December 28th 2020

Today I rediscovered a dimension of chess I’ve not previously faced in my two weeks losing repeatedly to either the AI or real players on gamesmanship.

I played three games against my dad, on an actual, real board. With real pieces and real squares, in real life — remember real life?

I soon found that as well as tactics and smart play, reactions and expressions were a key part of any attempt to beat my Dad. If I reacted too soon to his move — before he’d had chance to take his finger from the piece — he’d cancel his move, realising he’d done what I’d wanted him to do.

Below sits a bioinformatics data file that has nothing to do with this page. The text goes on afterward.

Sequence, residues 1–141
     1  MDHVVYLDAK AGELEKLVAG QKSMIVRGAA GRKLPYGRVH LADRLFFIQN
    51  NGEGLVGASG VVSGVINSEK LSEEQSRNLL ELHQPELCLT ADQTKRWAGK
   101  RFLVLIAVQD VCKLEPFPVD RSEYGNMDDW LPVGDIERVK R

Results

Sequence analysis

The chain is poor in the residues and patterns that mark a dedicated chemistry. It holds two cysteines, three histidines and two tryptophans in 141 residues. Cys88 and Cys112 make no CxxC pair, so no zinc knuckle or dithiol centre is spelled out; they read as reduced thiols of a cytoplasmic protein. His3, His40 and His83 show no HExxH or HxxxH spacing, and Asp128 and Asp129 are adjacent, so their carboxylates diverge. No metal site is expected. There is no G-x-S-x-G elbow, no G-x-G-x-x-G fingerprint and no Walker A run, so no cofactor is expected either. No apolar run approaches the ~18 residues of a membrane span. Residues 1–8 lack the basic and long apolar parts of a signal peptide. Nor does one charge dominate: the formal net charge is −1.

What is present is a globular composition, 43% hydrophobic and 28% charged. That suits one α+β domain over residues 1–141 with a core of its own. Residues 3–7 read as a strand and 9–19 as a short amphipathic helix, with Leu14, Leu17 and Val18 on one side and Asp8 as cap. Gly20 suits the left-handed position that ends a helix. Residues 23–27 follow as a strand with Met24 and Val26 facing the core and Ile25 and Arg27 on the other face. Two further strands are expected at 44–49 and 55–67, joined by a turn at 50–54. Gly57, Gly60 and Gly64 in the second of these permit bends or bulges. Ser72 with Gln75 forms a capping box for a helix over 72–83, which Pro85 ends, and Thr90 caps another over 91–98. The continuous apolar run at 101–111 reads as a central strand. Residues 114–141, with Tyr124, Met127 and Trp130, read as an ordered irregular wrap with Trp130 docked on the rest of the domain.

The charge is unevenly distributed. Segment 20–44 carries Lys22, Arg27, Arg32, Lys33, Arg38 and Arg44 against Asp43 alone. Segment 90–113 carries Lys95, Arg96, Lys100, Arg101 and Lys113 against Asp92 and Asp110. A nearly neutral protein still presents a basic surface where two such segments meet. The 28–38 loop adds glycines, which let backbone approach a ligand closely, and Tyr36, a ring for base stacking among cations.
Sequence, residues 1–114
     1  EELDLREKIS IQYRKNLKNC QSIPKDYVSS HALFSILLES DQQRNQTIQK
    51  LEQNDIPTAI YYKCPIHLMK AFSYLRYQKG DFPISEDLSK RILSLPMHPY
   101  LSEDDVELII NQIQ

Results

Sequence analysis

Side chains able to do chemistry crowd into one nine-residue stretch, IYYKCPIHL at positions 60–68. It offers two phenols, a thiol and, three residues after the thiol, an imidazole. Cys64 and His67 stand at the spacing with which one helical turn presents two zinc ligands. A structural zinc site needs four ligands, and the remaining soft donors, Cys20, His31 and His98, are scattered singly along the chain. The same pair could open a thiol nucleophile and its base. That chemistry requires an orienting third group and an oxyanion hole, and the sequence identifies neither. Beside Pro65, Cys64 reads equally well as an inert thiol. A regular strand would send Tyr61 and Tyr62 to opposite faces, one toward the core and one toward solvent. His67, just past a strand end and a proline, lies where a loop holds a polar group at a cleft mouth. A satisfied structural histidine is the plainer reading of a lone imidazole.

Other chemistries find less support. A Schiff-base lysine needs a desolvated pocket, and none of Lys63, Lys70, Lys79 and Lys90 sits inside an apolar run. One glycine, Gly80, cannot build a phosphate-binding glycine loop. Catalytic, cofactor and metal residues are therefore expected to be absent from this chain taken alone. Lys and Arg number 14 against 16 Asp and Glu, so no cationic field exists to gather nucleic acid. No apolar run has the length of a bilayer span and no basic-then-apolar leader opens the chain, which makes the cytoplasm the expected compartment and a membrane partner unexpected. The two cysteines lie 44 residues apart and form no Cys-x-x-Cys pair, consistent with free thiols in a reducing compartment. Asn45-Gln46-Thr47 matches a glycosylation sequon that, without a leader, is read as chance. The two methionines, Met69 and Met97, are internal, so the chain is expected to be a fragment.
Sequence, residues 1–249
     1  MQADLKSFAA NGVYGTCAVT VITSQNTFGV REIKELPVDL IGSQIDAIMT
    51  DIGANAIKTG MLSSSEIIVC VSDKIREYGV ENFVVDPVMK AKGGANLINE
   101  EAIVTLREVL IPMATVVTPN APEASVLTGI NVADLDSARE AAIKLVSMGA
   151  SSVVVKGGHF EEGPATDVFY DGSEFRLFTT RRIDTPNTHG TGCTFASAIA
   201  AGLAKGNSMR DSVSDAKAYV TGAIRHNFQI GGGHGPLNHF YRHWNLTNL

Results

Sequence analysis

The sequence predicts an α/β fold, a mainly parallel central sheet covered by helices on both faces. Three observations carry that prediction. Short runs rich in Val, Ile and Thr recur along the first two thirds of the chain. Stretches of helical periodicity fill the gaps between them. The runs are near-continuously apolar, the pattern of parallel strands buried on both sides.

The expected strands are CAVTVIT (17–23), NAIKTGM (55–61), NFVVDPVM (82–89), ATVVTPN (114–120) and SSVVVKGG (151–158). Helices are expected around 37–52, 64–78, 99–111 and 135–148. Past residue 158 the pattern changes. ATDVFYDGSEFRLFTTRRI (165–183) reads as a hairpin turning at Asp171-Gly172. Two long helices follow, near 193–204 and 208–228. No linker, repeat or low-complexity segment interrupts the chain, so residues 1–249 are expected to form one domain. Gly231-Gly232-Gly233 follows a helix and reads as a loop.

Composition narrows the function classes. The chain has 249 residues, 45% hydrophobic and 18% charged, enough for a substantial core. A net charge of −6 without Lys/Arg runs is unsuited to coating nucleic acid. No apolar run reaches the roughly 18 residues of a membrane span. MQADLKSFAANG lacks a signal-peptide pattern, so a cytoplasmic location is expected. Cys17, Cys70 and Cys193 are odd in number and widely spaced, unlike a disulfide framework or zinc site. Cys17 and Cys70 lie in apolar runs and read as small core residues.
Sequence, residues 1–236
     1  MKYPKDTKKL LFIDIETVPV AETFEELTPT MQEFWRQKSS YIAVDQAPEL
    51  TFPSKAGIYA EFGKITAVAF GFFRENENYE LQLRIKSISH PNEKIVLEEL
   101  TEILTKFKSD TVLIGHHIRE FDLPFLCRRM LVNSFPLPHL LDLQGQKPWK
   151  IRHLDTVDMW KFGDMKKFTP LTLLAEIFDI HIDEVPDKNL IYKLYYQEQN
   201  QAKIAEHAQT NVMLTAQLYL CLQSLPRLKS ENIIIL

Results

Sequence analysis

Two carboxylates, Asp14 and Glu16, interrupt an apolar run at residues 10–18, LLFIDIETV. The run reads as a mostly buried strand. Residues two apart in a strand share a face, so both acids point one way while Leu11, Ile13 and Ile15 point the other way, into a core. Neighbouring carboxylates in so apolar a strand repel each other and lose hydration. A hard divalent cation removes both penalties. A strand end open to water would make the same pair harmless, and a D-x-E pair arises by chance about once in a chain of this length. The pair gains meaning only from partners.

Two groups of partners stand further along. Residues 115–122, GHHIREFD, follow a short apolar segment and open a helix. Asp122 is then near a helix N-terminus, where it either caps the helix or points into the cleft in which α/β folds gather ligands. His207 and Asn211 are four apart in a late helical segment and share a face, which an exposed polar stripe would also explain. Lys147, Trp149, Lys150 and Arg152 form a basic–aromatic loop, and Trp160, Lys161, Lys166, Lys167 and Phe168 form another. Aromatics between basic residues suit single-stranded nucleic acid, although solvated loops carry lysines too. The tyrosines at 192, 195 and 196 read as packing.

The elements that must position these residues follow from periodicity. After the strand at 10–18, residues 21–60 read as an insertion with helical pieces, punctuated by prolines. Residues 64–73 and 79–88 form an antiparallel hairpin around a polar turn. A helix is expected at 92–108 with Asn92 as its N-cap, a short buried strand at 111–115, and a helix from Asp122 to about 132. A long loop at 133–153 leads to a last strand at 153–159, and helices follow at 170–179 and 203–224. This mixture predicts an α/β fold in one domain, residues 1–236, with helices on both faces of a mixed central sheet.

I learnt that in some cases, if I cringed or exhaled after playing a move, he’d think I’d made a mistake, and go along with the trap I’d left. For example, I’d left a knight hanging on e4, and as soon as I’d “realised” that, I recoiled and gasped. I moved my hand back towards it, but it was “too late”. Dad took my knight on e4. However, he didn’t realise that in doing so, he revealed a discovered attack on his queen on g6. And that’s exactly what I’d hoped he’d do.

If I’d’ve moved too quickly, in that situation, he may have realised his mistake before confirming it. However, because I stuttered and spluttered, it worked out. You don’t get that on

Also, yes I’m blogging about chess but I’m also blogging about people.

Until tomorrow, bishop takes g6.


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